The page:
more » ... UAS, as evidenced by the number of incident reports received by the Federal Aviation Administration (FAA). This paper reviews the development of an onboard system -Safeguarddesigned to monitor and enforce conformance to a set of operational rules defined prior to flight (e.g., geospatial stay-out or stay-in regions, speed limits, and altitude constraints). Unlike typical geofencing or geo-limitation functions, Safeguard operates independently of the off-the-shelf UAS autopilot and is designed in a way that can be realized by a small set of verifiable functions to simplify compliance with existing standards for safety-critical systems (e.g. for spacecraft and manned commercial transportation aircraft systems). A framework is described that decouples the system from any other devices on the UAS as well as introduces complementary positioning source(s) for applications that require integrity and availability beyond what can be provided by the Global Positioning System (GPS). This paper summarizes the progress and test results for Safeguard research and development since presentation of the design concept at the 35th DASC (2016). Significant accomplishments include completion of software verification and validation in accordance with NASA standards for spacecraft systems (to Class B), development of improved hardware prototypes, development of a simulation platform that allows for hardware-in-the-loop testing and fast-time Monte Carlo evaluations, and flight testing on multiple air vehicles. Integration testing with NASA's UAS Traffic Management (UTM) service-oriented architecture was also demonstrated.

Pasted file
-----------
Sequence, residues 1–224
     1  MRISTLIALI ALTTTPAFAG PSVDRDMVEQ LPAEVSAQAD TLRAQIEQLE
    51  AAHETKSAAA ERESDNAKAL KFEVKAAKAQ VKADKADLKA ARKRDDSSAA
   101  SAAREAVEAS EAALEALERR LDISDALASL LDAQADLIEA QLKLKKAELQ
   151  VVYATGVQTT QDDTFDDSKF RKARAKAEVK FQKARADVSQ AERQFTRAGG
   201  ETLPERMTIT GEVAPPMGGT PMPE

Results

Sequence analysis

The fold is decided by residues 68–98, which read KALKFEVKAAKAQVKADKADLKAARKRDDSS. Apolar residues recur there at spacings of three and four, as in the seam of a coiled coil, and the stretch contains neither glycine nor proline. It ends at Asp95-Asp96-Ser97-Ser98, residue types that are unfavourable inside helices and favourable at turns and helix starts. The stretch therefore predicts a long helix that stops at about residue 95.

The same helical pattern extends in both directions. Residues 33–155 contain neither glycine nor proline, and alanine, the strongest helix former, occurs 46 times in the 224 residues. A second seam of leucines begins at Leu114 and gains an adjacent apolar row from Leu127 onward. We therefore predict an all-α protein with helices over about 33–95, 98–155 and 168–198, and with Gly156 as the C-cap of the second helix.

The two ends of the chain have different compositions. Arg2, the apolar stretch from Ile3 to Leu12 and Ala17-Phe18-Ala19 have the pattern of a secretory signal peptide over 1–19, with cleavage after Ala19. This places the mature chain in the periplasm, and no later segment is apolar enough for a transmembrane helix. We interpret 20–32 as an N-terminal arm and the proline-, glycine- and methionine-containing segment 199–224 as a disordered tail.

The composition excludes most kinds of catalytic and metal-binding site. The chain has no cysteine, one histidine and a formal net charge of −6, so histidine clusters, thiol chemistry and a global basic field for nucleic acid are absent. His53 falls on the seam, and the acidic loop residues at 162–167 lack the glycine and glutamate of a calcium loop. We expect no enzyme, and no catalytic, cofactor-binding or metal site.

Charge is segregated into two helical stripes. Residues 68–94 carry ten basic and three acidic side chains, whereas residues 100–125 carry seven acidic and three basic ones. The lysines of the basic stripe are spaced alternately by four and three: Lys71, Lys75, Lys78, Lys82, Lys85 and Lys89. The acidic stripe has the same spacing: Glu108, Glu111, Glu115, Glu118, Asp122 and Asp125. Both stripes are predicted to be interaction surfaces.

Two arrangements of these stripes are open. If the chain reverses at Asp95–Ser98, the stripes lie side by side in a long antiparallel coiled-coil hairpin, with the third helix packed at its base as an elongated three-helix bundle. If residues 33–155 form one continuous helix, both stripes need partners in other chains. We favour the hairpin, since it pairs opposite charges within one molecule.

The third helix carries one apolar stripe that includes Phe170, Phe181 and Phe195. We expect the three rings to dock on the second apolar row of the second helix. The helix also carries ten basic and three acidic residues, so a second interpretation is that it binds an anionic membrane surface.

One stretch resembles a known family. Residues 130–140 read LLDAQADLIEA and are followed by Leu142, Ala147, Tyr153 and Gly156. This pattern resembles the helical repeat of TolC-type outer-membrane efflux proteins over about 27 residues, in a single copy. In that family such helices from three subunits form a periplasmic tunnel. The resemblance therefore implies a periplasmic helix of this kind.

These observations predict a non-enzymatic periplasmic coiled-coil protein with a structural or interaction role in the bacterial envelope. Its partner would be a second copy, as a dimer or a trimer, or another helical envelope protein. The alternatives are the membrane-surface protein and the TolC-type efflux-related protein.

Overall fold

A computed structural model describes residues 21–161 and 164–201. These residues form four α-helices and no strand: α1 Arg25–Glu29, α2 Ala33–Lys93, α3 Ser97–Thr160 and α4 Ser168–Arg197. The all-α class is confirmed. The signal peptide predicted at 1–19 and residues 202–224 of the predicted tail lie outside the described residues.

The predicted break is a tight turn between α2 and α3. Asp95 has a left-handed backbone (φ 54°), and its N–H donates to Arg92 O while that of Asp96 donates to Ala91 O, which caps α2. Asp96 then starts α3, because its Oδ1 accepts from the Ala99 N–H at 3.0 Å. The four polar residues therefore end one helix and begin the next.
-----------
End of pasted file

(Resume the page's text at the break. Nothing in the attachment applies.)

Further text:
doi:10.1109/dasc.2017.8102087 fatcat:b24wekbkj5ejfhsqss7z5grjua

Considerations of Unmanned Aircraft Classification for Civil Airworthiness Standards

Jeffrey M. Maddalon, Kelly J. Hayhurst, Allan Morris, Harry Verstynen
2013 AIAA Infotech@Aerospace (I@A) Conference   unpublished
remain in realizing routine and safe operation of these aircraft 2 . One aspect of the regulatory challenge is to establish the airworthiness standards for UAS. Other organizations, especially militaries, have developed sets of airworthiness standards for their vehicles 3 . Such standards are helpful, but may not adequately address risks associated with civil operation in the NAS, or adequately "accommodate the diversity of UAS design, capability, and operations" 4 expected for commercial